Your money or your life!
The choice offered by British highway robbers was undeniably binary. And fairly simple to answer.
But what about the choice between quality and profit?
Over three decades ago, I was having lunch with Dominic Lafon of the eponymous domaine in Burgundy. Although it was my turn to pay, I handed him the wine list, asking if he had any recommendations. After the briefest of hesitations, he pointed to a Meursault from a négociant whose reputation was, let’s say, less than glorious.
“Are you sure?” I asked.
“Positive,” came the reply.
And, when the wine was poured, I was similarly positive about its quality. It was really classic white Burgundy.
“How did you know?” I wondered.
“Easy,” he said, picking up the cork from the table. “My father made this wine,”he continued. “But he wasn’t one hundred percent happy with it after tasting it in bottle, so we sold it as a job lot to Maison X, who simply put their own capsule and label onto it. But the cork’s still ours – as you can see.”
A few years later, the then-booming Australian winery Rosemount won an International Wine Challenge medal with a Champagne-method sparkling wine. When I looked into its background, I discovered a very similar story. The fizz had been produced by Brian Croser of Petaluma who, like Dominic Lafon’s father, apparently found it lacking, so decided not to sell it under his Croser brand.
Another Australian told me a rather different story. He’d just returned from Chile, where he had been sent in as a ‘flying winemaker’ to produce a batch of wine for a British supermarket at a very well-known winery.
“How did it go?”
“Well. It was very strange,” he said. “I mean why would Mr X” [the illustrious winery owner] “sell off several tons of his best Cabernet grapes just before the harvest?”
I learned the answer to this question from one of Mr X’s neighbours later that year, and subsequently had it confirmed by the man himself. “The business was within millimetres of bankruptcy. The bank was demanding that I pay in some money – or else…” Selling off those grapes for instant cash, he explained, had saved the day.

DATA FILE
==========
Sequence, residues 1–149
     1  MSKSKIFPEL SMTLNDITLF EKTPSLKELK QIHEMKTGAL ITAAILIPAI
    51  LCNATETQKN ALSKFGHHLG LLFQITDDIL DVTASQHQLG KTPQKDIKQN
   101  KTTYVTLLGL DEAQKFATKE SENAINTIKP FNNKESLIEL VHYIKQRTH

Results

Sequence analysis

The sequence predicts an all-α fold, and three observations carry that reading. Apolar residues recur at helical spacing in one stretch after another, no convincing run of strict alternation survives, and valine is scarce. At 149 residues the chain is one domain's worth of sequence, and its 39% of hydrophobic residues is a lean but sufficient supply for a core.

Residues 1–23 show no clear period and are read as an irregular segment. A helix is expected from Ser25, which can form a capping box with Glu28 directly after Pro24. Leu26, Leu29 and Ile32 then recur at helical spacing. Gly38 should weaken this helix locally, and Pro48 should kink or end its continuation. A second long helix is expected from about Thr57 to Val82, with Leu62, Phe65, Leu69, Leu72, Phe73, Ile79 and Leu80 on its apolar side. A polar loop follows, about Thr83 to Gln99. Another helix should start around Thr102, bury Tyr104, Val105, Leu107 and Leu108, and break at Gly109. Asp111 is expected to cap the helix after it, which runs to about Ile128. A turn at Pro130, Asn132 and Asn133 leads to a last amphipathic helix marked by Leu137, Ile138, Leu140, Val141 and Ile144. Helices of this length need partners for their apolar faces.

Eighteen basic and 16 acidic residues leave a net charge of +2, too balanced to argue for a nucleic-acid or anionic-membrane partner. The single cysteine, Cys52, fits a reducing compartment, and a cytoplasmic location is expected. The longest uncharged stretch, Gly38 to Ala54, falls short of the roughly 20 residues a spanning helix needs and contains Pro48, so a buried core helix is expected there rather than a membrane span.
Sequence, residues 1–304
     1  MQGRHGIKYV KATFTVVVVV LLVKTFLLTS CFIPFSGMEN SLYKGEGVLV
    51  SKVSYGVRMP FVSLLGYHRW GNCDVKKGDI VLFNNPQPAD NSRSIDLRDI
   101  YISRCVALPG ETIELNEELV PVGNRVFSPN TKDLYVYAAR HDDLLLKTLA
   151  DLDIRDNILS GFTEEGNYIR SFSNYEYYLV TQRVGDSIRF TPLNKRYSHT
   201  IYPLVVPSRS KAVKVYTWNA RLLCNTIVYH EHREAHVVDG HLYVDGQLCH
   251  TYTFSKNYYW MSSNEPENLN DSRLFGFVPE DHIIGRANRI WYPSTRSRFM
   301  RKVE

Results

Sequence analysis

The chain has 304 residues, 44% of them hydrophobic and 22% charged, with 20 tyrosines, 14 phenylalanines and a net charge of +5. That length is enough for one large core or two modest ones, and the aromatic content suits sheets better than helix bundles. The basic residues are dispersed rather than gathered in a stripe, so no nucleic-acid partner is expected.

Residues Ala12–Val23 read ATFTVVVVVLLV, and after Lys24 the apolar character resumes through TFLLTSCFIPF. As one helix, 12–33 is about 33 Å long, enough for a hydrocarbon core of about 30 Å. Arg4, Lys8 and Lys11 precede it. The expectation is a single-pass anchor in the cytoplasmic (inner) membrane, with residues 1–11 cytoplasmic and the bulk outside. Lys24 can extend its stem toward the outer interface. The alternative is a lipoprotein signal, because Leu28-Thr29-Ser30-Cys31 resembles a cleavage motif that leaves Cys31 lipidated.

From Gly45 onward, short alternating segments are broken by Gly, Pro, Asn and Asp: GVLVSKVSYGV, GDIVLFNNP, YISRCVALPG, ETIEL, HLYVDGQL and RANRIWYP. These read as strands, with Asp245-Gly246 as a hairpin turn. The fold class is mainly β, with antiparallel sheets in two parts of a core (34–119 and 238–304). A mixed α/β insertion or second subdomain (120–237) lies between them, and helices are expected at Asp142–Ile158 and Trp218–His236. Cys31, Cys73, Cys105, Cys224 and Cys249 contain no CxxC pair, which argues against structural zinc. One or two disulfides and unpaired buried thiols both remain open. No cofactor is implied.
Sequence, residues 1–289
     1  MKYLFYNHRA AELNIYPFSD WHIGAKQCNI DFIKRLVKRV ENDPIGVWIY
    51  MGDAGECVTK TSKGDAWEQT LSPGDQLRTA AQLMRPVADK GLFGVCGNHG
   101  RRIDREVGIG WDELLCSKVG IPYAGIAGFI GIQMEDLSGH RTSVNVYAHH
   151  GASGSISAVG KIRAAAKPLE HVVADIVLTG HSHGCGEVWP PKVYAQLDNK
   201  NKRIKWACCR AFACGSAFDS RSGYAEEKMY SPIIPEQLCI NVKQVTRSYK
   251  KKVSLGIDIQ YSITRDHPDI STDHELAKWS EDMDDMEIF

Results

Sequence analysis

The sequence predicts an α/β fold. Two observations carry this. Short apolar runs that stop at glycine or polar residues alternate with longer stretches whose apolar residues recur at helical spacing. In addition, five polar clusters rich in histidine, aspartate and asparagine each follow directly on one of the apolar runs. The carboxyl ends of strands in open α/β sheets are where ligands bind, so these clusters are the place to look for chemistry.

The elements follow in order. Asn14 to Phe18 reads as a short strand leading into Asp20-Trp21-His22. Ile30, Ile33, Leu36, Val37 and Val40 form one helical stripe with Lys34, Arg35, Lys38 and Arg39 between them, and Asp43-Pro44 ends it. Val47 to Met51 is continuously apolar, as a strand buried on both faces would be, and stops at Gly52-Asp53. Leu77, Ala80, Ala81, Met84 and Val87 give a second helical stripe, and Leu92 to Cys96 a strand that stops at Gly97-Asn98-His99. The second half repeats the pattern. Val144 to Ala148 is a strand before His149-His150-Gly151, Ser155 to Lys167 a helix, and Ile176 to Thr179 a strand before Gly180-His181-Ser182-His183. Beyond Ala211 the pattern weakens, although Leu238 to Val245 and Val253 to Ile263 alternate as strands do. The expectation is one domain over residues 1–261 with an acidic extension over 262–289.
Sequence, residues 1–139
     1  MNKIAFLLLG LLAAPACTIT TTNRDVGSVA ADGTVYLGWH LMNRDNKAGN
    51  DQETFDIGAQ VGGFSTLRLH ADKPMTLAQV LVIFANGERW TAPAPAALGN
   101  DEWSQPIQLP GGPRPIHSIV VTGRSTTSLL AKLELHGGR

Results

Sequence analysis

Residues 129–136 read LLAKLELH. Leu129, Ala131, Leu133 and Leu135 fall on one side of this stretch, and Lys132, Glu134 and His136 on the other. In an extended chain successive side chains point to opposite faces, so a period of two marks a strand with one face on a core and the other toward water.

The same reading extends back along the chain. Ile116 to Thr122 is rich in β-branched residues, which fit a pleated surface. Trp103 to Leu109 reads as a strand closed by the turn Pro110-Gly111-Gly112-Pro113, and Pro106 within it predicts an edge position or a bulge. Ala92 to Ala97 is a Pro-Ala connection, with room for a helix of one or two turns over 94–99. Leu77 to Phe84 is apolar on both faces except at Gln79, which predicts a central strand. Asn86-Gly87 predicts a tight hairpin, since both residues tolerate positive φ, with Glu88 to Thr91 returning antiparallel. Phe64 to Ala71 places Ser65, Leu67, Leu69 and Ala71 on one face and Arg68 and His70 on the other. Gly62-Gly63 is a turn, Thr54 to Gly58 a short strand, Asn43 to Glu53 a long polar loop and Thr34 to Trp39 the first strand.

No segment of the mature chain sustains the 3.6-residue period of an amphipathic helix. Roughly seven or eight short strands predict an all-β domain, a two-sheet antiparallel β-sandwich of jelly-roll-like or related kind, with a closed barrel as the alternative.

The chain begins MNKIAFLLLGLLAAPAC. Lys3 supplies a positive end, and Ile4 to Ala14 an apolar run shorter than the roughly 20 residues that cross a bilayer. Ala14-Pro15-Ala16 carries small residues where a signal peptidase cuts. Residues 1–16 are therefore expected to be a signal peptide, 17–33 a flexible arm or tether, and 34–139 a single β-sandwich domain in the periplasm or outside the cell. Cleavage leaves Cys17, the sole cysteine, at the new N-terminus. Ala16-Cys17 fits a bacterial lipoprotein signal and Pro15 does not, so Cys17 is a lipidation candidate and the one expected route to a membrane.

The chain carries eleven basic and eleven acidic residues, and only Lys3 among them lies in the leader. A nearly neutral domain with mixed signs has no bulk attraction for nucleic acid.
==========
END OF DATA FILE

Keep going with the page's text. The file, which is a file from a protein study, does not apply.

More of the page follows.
The first two of these stories celebrate the belief that winemakers – or producers of any other product – should always place quality above everything else. Even when others might believe that they’ve gone too far. But the third, of course, brings us back to the harsh reality that sometimes, this might simply not be possible.
Stated bluntly, taking their stories at face value, the Comte Lafon and Brian Croser could afford to sell off their less-than-perfect wine, while Mr X couldn’t afford not to sell his grapes.
Which brings me to Jonathan Nossiter’s awful documentary, Mondovino in which he delightedly shows the Burgundian, Hubert de Montille, declaring that he takes no notice of the market. “I sell my wine when I think it’s ready to be sold,” he says – or something very similar. The photogenic, bald-headed, twinkly-eyed French vigneron was unsurprisingly one of Nossiter’s heroes because he represented the peasant opposite of the Californian millionaires and aristocratic Tuscans Nossiter believes to be sullying the wine world with their wealth.
Except of course that de Montille (whose wines I love by the way) was no peasant. He was only able to ‘take no notice of the market’ because running his Volnay estate was not his principle activity. For over four decades, from 1953 to 1997, he was a highly successful lawyer. Indeed, he told me – even if he didn’t tell Nossiter, who would not have wanted to hear it in any case – that the secret to making really great wine lay in having another income.
And there’s the rub. For most wine producers, with wages to pay and bills to settle and, quite possibly, restive bankers, refusing to compromise quality can be much easier said than done. Producers like de Montille with sufficient financial cushioning from other sources can do it, as can corporations like LVMH or AXA or Treasury. For everyone else, the only solution might lie in raising prices in order to create a financial cushion of their own.
But to do that, of course, they may have to reduce yields, buy the finest barrels, sell off grapes and wine and maybe even go as far as decide not to release a substandard vintage. All of which may be simply unaffordable.
A bit like having to tell the highwayman that you don’t actually have any money for him to steal.
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